Attackers Steal E-Mails, Info from OpenWrt Forum

Users of the Linux-based open-source firmware—which include developers from commercial router companies–may be targeted by phishing campaigns, administrators warn.

The forum supporting the community for OpenWrt suffered a security breach over the weekend, giving hackers access to e-mail addresses, user handles and additional private forum user information.

Those that maintain the forum for the Linux-based open-source firmware said the forum was breached in the early hours of Saturday Jan. 16, though how attackers got in remains unknown, according to a security notice posted to the forum’s home page. While the account had “a good password,” administrators acknowledged that the forum did not enable two-factor authentication for its users.

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While the breach of an open-source forum may not seem on the surface like such a big deal, the forum is often visited by those developing commercial routers, devices and software based on OpenWrt firmware. Targeting these users, then, could be used as a gateway into these companies’ networks by threat actors. Commercial routers compatible with OpenWrt firmware include devices from Netgear, Zyxel, TP-Link and Linksys.

“The intruder was able to download a copy of the user list that contains email addresses, handles, and other statistical information about the users of the forum,” according to the notice, which also was sent out via a mailing list to forum users.  This means that users should assume that their email address and handle have been disclosed and “may get phishing emails that include your name,” administrators said.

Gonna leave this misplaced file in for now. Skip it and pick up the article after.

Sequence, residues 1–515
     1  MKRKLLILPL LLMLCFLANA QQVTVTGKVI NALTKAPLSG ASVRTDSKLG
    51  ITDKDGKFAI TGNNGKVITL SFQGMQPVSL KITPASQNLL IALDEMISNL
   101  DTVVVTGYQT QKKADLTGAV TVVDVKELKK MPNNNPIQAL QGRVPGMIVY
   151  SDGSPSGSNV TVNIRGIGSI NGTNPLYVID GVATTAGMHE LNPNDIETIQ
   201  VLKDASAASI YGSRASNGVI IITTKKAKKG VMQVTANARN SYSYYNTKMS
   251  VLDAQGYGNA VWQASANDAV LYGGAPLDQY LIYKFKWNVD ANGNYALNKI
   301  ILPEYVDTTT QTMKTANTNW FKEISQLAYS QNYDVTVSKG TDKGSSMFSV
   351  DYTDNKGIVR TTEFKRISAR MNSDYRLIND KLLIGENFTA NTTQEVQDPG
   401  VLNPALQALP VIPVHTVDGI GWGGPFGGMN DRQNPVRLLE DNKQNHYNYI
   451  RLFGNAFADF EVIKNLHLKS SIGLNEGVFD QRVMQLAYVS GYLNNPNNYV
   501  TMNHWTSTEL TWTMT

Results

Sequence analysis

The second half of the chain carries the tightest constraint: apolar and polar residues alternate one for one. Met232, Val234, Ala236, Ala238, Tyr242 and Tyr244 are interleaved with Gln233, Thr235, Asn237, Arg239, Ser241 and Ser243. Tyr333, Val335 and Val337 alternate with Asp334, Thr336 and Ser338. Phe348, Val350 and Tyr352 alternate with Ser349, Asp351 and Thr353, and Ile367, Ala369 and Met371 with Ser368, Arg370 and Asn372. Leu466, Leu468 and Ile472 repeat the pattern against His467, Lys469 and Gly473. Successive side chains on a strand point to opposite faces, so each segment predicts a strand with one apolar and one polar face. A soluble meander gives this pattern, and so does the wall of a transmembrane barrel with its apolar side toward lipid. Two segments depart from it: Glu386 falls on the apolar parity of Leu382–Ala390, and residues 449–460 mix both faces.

The OpenWrt Project is a Linux operating system for embedded devices that provides “a fully writable filesystem with package management,” according to its home page. Its basic components are Linux, util-linux, musl and BusyBox, all of which have been designed specifically to suit the memory and storage available on home networking devices.

OpenWrt provides a framework to build an application without having to develop a complete firmware around it, so users can provide customization for devices in ways that proprietary systems don’t offer, according to its administrators. Developers cite real-time network management, increased network stability, advanced wireless set-up, VPN integration, and increased network speed and security as some of the benefits of using OpenWrt.

Though those that maintain the forum do not believe that attackers accessed the OpenWrt database, they advised users of the community to reset all passwords, providing specific details in the security notice for the proper procedure to do so. They also have flushed API keys from the forum, according to the notice.

Administrators also advised users to reset and refresh any Github login or OAuth key, if they use it to access the forum. However, since OpenWrt forum credentials are entirely independent of the OpenWrt Wiki that users access for information and updates about the platform, “there is no reason to believe there has been any compromise to the Wiki credentials,” administrators said.

“We apologize for the inconvenience caused by this attack,” they said in the notice. “We will provide updates if we learn any more about the attacker or information that was disclosed.

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Discussion

  • Thomas Munn on

    It really depends. If their database was hacked the secrets and two factor really would not of helped. Two factor does make it harder to break in but not impossible. It’s sad we live in a world where everyone is trying to break in now.

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